BOSTON - For the last six seasons, Kevin Dean has had a firsthand look at the future of the Boston Bruins. As an assistant coach, and later as head coach of the Providence Bruins, Dean had a hand in molding the future of the Black & Gold.
Now, Dean will have the opportunity to be a part of that future, while continuing to help develop the bevy of young players that Boston is expected to have dotting its roster over the next several years.
On Tuesday afternoon, Bruins General Manager Don Sweeney announced that Dean had been named an assistant coach in Boston, joining Joe Sacco, Jay Pandolfo, and Bob Essensa on head coach Bruce Cassidy's staff.
"I'm excited for a number of reasons," Dean said by phone on Tuesday morning. "Probably the most important thing is I'm really excited where the Bruins are headed…Last year development camp and the development camp before, you can really see that there are some good young kids coming in.
"They've obviously got a great core in Boston and I think those two things together make it a really exciting place to have the opportunity to come coach."
Video: Kevin Dean hired as Bruins assistant coach
Dean spent the last six seasons with the P-Bruins, five as an assistant under Cassidy, before taking over as head coach in 2016-17, during which he led Providence to its first Eastern Conference Finals appearance since 2009.
"The Bruins are excited to be promoting from within our organization. Kevin's experience, work ethic, and commitment to winning and developing players qualify him as the best coach to complement Bruce's staff," said Sweeney. "Kevin's professionalism and communication skills have always been strong attributes. His success as a head coach this past season only reinforced our opinion that Kevin is both ready and excited for the challenges of coaching at the NHL level."
"We are very pleased to add Kevin to our coaching staff. He's an extremely knowledgeable hockey mind who is deeply committed to the Bruins organization and development of our players," added Cassidy. "We've established a strong rapport having coached together for five years in Providence and I look forward to working closely with him again on a daily basis."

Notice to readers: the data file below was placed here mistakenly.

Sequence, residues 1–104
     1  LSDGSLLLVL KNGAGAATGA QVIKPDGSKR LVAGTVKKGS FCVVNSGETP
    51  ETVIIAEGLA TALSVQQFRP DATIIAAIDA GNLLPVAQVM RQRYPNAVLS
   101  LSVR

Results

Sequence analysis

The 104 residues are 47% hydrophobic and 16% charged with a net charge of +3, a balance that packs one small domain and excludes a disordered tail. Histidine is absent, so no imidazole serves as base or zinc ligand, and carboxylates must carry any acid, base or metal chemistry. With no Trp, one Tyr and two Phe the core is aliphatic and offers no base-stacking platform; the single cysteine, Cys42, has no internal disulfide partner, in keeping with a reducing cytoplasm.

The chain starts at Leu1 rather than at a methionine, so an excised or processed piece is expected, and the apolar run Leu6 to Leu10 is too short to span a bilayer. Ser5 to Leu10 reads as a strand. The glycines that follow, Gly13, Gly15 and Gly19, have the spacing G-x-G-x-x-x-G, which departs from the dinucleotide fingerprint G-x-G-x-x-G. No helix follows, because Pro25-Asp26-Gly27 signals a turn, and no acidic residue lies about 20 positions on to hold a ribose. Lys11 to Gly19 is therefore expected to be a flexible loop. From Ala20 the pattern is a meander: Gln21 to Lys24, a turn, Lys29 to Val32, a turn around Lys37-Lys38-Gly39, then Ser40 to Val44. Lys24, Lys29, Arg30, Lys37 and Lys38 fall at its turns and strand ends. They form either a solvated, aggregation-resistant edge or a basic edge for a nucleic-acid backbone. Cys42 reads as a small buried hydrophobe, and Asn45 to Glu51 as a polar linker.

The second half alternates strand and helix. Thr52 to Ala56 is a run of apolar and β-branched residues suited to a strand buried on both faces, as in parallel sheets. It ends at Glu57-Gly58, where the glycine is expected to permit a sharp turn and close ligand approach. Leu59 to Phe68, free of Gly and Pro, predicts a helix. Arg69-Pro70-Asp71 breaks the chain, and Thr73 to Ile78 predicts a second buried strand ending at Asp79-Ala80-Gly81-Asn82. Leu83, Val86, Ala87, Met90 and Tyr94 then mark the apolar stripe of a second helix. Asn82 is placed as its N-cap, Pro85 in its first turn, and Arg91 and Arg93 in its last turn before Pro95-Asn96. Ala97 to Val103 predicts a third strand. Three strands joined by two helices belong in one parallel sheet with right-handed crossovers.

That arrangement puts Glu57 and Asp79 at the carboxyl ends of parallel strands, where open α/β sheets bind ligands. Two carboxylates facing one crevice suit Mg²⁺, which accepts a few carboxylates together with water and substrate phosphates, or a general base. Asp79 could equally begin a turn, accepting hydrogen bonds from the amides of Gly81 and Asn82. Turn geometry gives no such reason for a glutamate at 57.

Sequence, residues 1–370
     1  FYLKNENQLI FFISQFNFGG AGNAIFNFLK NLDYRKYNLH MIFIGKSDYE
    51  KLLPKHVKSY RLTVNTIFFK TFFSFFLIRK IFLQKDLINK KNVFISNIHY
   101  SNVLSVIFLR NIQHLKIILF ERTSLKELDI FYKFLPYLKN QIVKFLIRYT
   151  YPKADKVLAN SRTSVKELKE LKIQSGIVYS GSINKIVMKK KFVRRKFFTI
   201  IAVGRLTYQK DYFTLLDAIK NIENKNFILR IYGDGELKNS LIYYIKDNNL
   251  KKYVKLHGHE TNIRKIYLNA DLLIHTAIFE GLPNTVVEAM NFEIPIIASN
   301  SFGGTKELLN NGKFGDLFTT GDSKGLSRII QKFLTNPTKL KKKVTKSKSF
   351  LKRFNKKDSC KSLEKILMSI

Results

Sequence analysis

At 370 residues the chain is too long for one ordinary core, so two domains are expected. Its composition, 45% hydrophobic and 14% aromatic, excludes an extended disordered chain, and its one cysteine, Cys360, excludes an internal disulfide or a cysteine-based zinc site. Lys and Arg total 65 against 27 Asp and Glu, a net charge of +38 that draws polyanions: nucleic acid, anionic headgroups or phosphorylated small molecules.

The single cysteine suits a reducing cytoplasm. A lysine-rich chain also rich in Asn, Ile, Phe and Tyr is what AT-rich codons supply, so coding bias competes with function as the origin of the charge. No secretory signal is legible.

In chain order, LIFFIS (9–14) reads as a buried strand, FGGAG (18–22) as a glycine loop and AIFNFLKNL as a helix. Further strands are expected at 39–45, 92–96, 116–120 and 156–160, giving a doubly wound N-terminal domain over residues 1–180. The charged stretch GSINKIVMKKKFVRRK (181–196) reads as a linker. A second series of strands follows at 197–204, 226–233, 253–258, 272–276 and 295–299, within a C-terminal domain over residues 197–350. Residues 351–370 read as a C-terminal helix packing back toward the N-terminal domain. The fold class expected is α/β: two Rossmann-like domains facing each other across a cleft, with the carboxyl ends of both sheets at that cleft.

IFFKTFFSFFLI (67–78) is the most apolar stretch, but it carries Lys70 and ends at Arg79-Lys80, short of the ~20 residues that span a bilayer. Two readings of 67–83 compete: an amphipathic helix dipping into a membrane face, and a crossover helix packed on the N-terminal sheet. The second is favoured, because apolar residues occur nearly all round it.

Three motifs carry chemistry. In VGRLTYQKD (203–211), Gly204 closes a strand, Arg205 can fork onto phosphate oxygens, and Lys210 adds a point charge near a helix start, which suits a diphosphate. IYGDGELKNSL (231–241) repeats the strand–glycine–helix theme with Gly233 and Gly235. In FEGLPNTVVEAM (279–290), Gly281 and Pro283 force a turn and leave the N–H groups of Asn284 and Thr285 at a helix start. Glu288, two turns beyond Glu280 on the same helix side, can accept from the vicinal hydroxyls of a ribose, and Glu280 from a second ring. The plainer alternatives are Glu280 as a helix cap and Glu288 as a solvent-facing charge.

Dean echoed Cassidy's sentiments, pointing to his previous experiences coaching under Cassidy - as well as his lengthy history with the organization - as one of the reasons why he expects a smooth transition to the NHL.
"Very comfortable with how Butch wants to play, and I believe in it," said Dean. "I think that's one of the reasons that he's comfortable having me is that I have fully bought into how he wants to play.
"I think it should be a little more seamless than it would be than if I was walking into a room or a coach's room with a bunch of guys I didn't know. The comfort factor will be huge."
Being named to an NHL staff is the conclusion of a long journey through the coaching ranks for Dean. After a 331-game NHL career - which included a Stanley Cup championship with the New Jersey Devils in 1995 - the Wisconsin native and University of New Hampshire alum, took a few years away before becoming an assistant with the Lowell Devils of the American Hockey League in 2006. The former blue liner then took over as head coach of the Trenton Devils in the ECHL, before joining Cassidy in Providence.
Now, some 16 years since he played in the NHL, the 48-year-old has again reached the sport's highest point.
"On personal level, it's exciting for me to be coaching with and against the best players in the world," said Dean. "There's nothing better than that as a coach."
Dean's performance this past season was a major factor in his promotion to Boston. During his lone year as head coach of Providence, Dean led the P-Bruins to a 46-23-10 record and a spot in the Eastern Conference Finals, where they fell to the Syracuse Crunch in five games.
The highly successful campaign offered Dean a number of important lessons as he adjusted to being back at the helm.
"One is to just be yourself," Dean said when asked what he took from his experience as head coach. "I think any good coach is himself. You can't change your personality to fit the group. You've just got to be yourself and, hopefully, the group buys into what you're saying.
"From a coaching perspective, it was so valuable for me to be, for five years, in Providence with Butch. I was basically watching the defense and basically the defense and the PK.
"So, it's good for me to get out of my comfort zone and challenge my thinking and expertise in other areas to try and lean and get comfortable with other areas of the ice and coaching other positions."
Dean also had plenty of talent to work with, as he oversaw a number of the Bruins top prospects, including Peter Cehlarik, Austin Czarnik, Jake DeBrusk, Matt Grzelcyk, Danton Heinen, Sean Kuraly, Zane McIntyre, and Rob O'Gara - all of whom could be joining him in Boston in the not-so-distant future.
"You saw that last year with Butch, right?" said Dean. "Butch came into that role and there were a number of young kids in the lineup last year with [Brandon] Carlo, who he had coached the year before, [Noel] Acciari, Kuraly at times, Heinen at the beginning of the year. I think that helps a lot because these kids, they come up and, let's be honest, they're a little unsure and a little wide-eyed and maybe not as assertive as they should be.
"Hopefully, they get a voice in their corner that says, 'Listen, just go out and have fun. Play the game in the right way. Play it hard but enjoy it.'
"Hopefully, I can bring some of that and hopefully some of these young kids make the team and I'm there to help them along those times when they're feeling a little bit unsure or shell-shocked."